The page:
Much of Zelman & Associates’ research is based on studying the financial reports of public and private home builders and a monthly poll of home-building executives from around the nation. All else being equal, home builders need a 0.5% home price increase to cover a 1.0% increase in labor and materials, according to the firm’s most recent analysis. In short, builders can cover price increases with minimal price appreciation on the homes they sell, Zelman said. “If they’re pushing back on you [on prices], I think you should have that discussion again,” she said, adding: “Builders are going to have to pay up [if] they want to make Wall Street happy.”

But builders are still gun shy, and no one knows for sure if the federal government won’t wipe out the mortgage interest deduction, or if the FHA’s future is secure. Nevertheless, Zelman foresees a “waterfall of new residential strength” in the next three years. Included in this cascade is spending on home improvement projects, which Zelman and Associates estimates will rise in the “mid-single digits” over the next several years. While many of these purchases will involve houses that were bought and sold, others will go into households that never changed owners.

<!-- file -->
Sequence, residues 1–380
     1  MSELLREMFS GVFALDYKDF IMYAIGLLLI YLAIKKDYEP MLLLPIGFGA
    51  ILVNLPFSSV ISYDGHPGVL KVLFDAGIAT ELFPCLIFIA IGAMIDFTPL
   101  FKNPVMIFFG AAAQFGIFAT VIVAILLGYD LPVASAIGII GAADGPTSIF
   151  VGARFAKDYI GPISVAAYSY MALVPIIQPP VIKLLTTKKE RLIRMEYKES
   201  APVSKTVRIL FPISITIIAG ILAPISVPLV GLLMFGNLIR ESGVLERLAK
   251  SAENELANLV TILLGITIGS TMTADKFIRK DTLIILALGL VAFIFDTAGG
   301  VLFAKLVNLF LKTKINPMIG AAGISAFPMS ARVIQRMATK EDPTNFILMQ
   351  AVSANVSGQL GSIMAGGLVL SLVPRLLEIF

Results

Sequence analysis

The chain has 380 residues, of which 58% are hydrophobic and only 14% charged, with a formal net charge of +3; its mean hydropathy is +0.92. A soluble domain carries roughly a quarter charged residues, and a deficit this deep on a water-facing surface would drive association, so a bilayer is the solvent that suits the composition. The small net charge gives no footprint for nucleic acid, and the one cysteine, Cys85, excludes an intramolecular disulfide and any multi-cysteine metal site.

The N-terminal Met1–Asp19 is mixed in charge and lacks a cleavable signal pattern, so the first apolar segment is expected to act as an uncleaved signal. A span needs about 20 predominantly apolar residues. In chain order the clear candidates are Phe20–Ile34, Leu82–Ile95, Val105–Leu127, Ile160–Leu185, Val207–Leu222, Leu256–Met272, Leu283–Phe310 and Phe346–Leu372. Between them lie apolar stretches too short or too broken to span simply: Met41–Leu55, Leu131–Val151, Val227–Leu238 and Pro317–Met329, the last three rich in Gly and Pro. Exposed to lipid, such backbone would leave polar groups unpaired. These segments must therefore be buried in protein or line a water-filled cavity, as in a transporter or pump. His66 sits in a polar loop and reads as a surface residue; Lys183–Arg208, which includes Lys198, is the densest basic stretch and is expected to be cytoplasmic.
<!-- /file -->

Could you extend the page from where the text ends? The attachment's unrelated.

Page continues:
“The home improvement industry is more dependent on the people who don’t move,” Zelman started. “The power of the female buyer will reignite spending on our homes.”


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Who do you view as your biggest competitor?

Home Depot’s product parade

BY Ken Ryan

From innovations that use advanced lithium-ion technology to old standby push mowers, some of Home Depot’s top-selling products in the third and fourth quarters span the gamut of home improvement categories.

During Home Depot’s third-quarter conference call in November, executive VP merchandising Craig Menear identified several products that are selling briskly or are expected to perform well during the fourth quarter.

Ryobi 18V Lithium Battery

Innovation remains a major component of Home Depot’s leadership strategy, Menear said, and Ryobi’s 18-volt lithium battery underscores that effort. “We’re excited about our second-generation Ryobi lithium batteries with fade-free power,” Menear said. “Lithium-plus batteries offer better performance for existing tools, fuel gauges and extreme weather performance.”

The new lineup of Ryobi  features 18V lithium-ion batteries, drills and combo kits. The advanced Li-on delivers up to 20% more runtime, weighs 45% less and holds a charge four times longer than a nickel cadmium.

Marazzi Tile